Affinity Group (or Affinity)—A grouping of profiles that share common profile attributes, and further as shown in
Affinity Definition—A Boolean representation of the common attributes shared by an affinity group. Examples for “All People who work in Law or Legal Professions,” the exemplary affinity definition include “Job=Lawyer OR Job=Attorney OR Job=District Court Judge or Industry=Legal OR Specialty=Trial Law OR etc.”
Profile Search—A detailed set of criteria used for matching profiles to other profiles and creating a scoring system that ranks the validity of the match.
Profile Search Document—A document that encompasses the criteria defined for the profile search.
Chart—An aggregation of data limited to an affinity group, in a format understandable to an end user. An example is a Bar Chart for “Average Salary By Specialty.”
Report—A set of charts combined in a specific layout to provide a detailed analysis of a profile search and comparison goal, as shown in
Every individual possesses unique distinguishing characteristics in their employment profile. These unique characteristics, even when seemingly minor, can correspond to differences in employment compensation. Being able to have a custom report that compares relevant characteristics for each individual, and having an understanding of what the market is willing to pay for the individual's abilities based on such comparison, is an important step in finding and effectively negotiating employment opportunities as well as making informed career decisions. The method and apparatus presented herein provide comparative compensation reports based on characteristics determined through a survey and a scored-attribute-matching search and reporting process.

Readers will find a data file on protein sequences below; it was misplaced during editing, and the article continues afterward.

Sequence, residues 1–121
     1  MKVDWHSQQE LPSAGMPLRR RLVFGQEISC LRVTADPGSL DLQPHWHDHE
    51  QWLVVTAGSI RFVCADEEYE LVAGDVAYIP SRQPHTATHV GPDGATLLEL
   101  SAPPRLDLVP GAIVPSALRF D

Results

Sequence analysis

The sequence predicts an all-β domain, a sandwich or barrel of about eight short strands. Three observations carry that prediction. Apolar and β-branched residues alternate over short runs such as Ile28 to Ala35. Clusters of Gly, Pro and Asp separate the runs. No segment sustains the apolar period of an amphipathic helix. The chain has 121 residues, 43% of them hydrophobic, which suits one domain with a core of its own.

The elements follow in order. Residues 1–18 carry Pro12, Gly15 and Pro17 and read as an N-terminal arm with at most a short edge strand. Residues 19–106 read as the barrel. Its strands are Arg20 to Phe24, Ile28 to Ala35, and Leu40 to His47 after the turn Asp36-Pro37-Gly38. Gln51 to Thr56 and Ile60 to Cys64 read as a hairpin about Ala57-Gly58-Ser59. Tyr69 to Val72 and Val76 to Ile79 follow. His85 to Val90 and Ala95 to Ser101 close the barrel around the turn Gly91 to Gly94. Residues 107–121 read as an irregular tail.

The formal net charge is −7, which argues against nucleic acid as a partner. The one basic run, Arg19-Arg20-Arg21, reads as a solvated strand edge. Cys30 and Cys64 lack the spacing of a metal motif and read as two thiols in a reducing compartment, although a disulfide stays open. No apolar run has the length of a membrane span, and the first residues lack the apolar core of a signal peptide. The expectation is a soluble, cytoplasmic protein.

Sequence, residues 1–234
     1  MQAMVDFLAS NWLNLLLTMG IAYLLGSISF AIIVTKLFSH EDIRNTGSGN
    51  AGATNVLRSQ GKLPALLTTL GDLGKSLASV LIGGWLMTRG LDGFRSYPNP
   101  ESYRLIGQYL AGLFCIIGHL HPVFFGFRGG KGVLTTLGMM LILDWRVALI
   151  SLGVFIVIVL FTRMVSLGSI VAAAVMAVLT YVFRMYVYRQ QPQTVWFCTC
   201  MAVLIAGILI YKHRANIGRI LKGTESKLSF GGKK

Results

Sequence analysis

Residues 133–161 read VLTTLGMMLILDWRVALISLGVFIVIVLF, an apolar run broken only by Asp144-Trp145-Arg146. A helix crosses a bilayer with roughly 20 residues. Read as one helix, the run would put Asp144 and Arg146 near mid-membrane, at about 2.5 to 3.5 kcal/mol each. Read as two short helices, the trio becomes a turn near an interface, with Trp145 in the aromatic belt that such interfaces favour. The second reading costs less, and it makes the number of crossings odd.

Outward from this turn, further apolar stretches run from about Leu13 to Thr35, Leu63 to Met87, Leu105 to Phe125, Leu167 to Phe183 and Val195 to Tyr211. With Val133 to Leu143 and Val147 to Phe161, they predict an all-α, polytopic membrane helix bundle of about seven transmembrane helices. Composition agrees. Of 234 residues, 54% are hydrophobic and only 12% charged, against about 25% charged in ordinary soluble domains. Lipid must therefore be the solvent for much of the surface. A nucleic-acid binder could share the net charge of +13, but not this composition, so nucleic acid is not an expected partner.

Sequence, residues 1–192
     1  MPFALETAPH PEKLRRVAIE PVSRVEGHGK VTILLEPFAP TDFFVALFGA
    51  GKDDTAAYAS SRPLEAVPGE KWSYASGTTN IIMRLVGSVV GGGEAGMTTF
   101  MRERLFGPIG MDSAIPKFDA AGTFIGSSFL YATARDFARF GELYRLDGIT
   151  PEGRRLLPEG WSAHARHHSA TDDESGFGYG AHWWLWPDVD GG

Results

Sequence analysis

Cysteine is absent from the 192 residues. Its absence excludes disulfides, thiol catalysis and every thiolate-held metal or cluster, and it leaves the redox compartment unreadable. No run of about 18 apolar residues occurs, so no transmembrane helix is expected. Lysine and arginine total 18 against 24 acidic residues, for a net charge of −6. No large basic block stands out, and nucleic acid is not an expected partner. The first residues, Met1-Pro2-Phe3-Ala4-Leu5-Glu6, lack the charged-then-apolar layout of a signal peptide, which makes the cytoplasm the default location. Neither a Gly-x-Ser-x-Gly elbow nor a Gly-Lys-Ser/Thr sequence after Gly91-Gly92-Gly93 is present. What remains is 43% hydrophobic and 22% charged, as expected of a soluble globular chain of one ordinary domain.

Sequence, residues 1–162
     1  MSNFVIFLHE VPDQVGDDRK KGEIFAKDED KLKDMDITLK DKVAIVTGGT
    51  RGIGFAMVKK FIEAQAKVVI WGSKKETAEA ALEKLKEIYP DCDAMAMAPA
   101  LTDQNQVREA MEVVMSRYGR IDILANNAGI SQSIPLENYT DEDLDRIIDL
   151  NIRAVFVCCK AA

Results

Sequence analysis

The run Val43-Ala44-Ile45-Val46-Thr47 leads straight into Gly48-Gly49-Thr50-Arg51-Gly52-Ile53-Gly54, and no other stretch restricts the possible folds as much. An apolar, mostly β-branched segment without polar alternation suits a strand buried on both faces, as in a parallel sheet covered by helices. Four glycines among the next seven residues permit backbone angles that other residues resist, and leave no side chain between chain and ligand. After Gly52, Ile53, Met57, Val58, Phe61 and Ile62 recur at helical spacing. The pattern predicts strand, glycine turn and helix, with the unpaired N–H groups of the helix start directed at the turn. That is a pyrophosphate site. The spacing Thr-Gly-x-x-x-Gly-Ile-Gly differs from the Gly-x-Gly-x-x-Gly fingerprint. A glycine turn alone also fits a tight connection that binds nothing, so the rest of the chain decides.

Reference is now made to
The survey engine, through iteration, asks FieldGroups shown in
Reference is now made to
The survey engine is required to ask FieldGroups that are relevant for a particular user. Many different job profiles have different attributes that affect one's compensation. For example, a CEO may need an answer to the FieldGroup (question) Company Revenue in his/her profile, while a Lawyer might need Practice Area or Bar Association Memberships. The suggest FieldGroup algorithm is designed to ask pertinent questions of the user depending on the user's compensation analysis goal and the type of profile the user has, learned through iterative questioning. Open-text questions provide a unique challenge in automated systems because an administrator cannot anticipate them. For instance, prior art would allow for a selection of an industry from a drop-down list box containing a set of known values. Because all industries would be known to the system, logic could be added to recommend a new question based upon the answer to the previous question. In such a system, a complex decision tree is created in advance, and the system is able to create a custom survey based upon the answers given by the user. However, these systems are subject to the limitation of knowing all possible answers, and spending a significant amount of labor to program the decision tree to account for all possibilities. It also makes it very difficult to add new questions because the added responsibility of mapping each answer to the decision tree must be part of the process. The invention described herein is not subject to such limitations because it allows the entry by users of any answer, as further shown in